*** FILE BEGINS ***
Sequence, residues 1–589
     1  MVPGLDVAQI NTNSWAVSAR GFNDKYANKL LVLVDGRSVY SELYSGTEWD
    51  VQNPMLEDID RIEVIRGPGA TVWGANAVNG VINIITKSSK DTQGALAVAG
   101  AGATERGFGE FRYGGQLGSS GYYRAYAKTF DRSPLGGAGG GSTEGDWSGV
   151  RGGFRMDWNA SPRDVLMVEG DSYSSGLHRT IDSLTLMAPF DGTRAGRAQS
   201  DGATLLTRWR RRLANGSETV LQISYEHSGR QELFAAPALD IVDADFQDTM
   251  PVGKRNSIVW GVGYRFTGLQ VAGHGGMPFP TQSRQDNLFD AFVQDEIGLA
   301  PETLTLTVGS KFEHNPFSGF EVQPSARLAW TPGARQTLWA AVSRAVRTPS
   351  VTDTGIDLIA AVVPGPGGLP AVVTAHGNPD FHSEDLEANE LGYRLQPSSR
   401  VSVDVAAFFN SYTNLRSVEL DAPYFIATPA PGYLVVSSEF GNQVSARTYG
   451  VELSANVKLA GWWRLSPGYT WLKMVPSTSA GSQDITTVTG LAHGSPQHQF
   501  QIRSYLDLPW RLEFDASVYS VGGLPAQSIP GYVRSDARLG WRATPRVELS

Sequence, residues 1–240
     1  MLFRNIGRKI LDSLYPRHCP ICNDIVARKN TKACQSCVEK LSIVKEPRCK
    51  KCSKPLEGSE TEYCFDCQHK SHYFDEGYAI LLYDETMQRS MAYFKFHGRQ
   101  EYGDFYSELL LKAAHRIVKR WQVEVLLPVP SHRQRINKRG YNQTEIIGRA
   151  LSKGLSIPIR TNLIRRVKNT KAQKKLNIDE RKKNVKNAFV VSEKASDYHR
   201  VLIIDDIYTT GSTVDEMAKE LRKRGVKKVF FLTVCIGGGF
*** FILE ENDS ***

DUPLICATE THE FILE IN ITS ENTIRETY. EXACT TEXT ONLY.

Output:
Sequence, residues 1–589
     1  MVPGLDVAQI NTNSWAVSAR GFNDKYANKL LVLVDGRSVY SELYSGTEWD
    51  VQNPMLEDID RIEVIRGPGA TVWGANAVNG VINIITKSSK DTQGALAVAG
   101  AGATERGFGE FRYGGQLGSS GYYRAYAKTF DRSPLGGAGG GSTEGDWSGV
   151  RGGFRMDWNA SPRDVLMVEG DSYSSGLHRT IDSLTLMAPF DGTRAGRAQS
   201  DGATLLTRWR RRLANGSETV LQISYEHSGR QELFAAPALD IVDADFQDTM
   251  PVGKRNSIVW GVGYRFTGLQ VAGHGGMPFP TQSRQDNLFD AFVQDEIGLA
   301  PETLTLTVGS KFEHNPFSGF EVQPSARLAW TPGARQTLWA AVSRAVRTPS
   351  VTDTGIDLIA AVVPGPGGLP AVVTAHGNPD FHSEDLEANE LGYRLQPSSR
   401  VSVDVAAFFN SYTNLRSVEL DAPYFIATPA PGYLVVSSEF GNQVSARTYG
   451  VELSANVKLA GWWRLSPGYT WLKMVPSTSA GSQDITTVTG LAHGSPQHQF
   501  QIRSYLDLPW RLEFDASVYS VGGLPAQSIP GYVRSDARLG WRATPRVELS

Sequence, residues 1–240
     1  MLFRNIGRKI LDSLYPRHCP ICNDIVARKN TKACQSCVEK LSIVKEPRCK
    51  KCSKPLEGSE TEYCFDCQHK SHYFDEGYAI LLYDETMQRS MAYFKFHGRQ
   101  EYGDFYSELL LKAAHRIVKR WQVEVLLPVP SHRQRINKRG YNQTEIIGRA
   151  LSKGLSIPIR TNLIRRVKNT KAQKKLNIDE RKKNVKNAFV VSEKASDYHR
   201  VLIIDDIYTT GSTVDEMAKE LRKRGVKKVF FLTVCIGGGF